Kowloon Walled City (no more existing today) has been the higher population density’s city of history.
Situated in the Chinese region of Hong Kong, its story connects it initially with the Song dynasty, which used it in the XI Century as an outpost for the control of salt trade, and then with the Qing dynasty, which since 1842, when Hong Kong island was ceded to UK, decided to improve the pre-existing fortification in order to deprive it from a total control by the British.
After the surrender of Japan in 2nd World War, the walled city (Chinese area enclosed by British areas) hosted several refugee from continental China, on the run from Chinese civil war and in search of British protection. Because of the lack of any government institution and an army corps that safeguarded order and respect of laws, the walled city became a paradise for crime and for drug consumption from the ‘50s to the ‘70s.
Furthermore, during the ‘60s, the population increased considerably because of a building speculation, which lead the constructors to build new overlapping structures. Even though the limitations imposed by the proximity of Kai Tak airport, which forced the buildings not to exceed the 14 floors high, in this period residents reach the figure of 30.000 in just 300 buildings.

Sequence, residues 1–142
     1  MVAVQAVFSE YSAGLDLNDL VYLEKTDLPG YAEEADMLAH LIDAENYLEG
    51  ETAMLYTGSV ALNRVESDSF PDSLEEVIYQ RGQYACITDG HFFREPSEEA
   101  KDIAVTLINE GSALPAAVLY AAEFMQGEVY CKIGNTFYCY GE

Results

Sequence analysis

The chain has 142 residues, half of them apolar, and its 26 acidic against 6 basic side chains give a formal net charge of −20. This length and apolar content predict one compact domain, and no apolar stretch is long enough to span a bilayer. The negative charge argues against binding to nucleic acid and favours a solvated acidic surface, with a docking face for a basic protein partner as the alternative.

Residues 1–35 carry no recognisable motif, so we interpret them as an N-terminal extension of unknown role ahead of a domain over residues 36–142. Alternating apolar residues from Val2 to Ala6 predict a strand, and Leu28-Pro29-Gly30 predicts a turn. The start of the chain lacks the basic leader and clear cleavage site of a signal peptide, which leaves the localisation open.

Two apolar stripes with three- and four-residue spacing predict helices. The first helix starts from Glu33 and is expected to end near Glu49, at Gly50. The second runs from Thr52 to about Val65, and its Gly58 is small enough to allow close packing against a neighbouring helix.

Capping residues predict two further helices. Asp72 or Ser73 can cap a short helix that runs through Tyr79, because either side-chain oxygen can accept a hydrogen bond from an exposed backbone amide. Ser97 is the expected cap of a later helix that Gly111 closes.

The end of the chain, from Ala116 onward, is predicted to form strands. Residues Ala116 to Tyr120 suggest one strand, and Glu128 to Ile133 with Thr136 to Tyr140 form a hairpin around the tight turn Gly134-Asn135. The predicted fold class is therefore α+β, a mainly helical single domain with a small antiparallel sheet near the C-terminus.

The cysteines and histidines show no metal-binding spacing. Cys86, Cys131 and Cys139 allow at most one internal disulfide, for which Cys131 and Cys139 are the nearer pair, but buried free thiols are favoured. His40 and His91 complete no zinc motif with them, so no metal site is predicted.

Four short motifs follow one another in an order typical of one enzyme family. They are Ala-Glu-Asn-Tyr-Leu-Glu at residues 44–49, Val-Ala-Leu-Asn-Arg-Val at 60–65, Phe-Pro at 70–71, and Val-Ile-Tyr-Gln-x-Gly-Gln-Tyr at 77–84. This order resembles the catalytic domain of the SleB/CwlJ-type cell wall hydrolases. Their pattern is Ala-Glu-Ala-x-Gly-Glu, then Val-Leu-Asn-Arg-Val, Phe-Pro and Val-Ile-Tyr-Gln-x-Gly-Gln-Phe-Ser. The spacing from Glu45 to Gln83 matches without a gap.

Demolished between 1993 and 1994, there is not an official documentation attesting the real number of inhabitants of the city. It’s estimated that in 1990 Kowloon hosted about 50.000 people within an area of two and a half hectares: it means that the density of the city exceeded one million and a half residents per km².